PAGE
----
Thursday, 14 January 2016: 9:00 AM
Room 240/241 ( New Orleans Ernest N. Morial Convention Center)
Vertically pointing radars can observe the vertical structure of precipitation as precipitation advects over the radar site. By operating two vertically pointing Doppler radars side-by-side and transmitting at 3- and 35-GHz, the mean Doppler velocities of these two radars will be different due to the Rayleigh scatter and non-Rayleigh scattering of backscattered energy from the same distribution of hydrometeors. This differential Doppler velocity (DDV) is dependent on the shape of the raindrop size distribution (DSD) and is independent of reflectivity and signal attenuation through the rain. Using DDV, Doppler velocities, and measured reflectivities, the DSD is estimated from about 700 m above the surface to just below the melting layer. The DSD is described using three physical parameters to represent the DSD scale and shape: normalized number concentration Nw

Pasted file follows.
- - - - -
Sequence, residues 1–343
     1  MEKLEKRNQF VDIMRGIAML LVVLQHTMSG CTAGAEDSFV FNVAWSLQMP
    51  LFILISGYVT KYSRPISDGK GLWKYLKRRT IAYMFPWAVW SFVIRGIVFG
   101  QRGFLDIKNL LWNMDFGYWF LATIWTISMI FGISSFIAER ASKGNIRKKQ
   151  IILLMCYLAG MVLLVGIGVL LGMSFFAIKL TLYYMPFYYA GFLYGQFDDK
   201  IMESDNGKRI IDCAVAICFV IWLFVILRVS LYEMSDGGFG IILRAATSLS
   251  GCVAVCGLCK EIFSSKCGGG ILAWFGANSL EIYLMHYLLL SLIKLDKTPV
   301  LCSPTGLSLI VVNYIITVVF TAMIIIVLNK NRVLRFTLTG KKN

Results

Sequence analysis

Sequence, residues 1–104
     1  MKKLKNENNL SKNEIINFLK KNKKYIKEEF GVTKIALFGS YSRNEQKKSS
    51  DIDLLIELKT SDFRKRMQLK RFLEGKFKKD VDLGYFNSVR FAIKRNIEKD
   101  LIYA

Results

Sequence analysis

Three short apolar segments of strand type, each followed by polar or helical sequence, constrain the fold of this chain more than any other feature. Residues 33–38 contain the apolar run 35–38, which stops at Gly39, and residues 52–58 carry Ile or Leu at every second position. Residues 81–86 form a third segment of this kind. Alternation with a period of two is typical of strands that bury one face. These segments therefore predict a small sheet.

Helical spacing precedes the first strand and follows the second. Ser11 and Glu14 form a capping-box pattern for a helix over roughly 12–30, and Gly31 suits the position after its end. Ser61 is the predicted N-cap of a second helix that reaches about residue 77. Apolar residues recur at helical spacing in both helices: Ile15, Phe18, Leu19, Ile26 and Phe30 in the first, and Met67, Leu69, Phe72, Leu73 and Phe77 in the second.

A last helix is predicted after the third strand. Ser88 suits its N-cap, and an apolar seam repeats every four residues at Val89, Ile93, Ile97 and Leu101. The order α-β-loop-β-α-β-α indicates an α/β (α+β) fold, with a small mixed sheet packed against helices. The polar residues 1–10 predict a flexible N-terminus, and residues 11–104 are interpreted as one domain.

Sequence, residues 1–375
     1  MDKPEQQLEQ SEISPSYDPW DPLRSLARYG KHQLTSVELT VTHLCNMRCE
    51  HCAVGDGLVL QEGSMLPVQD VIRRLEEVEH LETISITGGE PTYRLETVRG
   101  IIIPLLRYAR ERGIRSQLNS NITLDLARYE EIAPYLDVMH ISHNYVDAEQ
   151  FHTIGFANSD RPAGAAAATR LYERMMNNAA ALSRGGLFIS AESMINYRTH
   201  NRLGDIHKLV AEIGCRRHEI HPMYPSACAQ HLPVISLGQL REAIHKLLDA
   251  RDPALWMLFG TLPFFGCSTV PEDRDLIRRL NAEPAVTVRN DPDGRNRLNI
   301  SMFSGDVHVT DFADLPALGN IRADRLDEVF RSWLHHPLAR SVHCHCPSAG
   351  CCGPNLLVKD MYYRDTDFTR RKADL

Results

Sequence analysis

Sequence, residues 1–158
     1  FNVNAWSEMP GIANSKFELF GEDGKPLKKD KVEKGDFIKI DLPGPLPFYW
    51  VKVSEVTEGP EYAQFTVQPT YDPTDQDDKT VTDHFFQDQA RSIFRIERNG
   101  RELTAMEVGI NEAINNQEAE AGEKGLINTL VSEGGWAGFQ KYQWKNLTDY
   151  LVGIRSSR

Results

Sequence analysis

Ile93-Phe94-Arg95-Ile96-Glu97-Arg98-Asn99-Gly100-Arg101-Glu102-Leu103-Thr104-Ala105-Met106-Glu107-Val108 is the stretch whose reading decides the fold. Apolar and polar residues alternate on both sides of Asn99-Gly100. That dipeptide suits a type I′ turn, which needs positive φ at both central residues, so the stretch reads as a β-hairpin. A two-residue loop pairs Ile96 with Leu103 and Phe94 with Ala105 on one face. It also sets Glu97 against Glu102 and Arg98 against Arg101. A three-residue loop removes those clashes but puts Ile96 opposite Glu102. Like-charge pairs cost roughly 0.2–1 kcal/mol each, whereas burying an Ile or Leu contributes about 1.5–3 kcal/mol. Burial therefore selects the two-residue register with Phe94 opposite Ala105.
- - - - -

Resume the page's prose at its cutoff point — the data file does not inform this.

, mass spectrum mean diameter Dm
, and mass spectrum effective variance nm
(mass spectrum variance / mean diameter squared).
A persistent vertical pattern in DSD parameters was observed during a stratiform rain event over the DOE ARM Central Facility in Northern Oklahoma during the MC3E (Mid-latitude Continental Convective Clouds Experiment, April-May 2011) field campaign. While the reflectivity was nearly uniform with height, the normalized number concentration (Nw) and mean diameter (Dm) had opposite vertical structures with Nw decreasing and Dm increasing from the melting layer down to the surface. Interestingly, the mass spectrum effective variance (nm) decreased as the raindrops fall indicating that the DSD was evolving into a narrower effective mass spectrum with a loss of small and/or large raindrops. This vertical structure of DSD parameters suggests breakup, coalescence, and evaporation were occurring in the vertical column.
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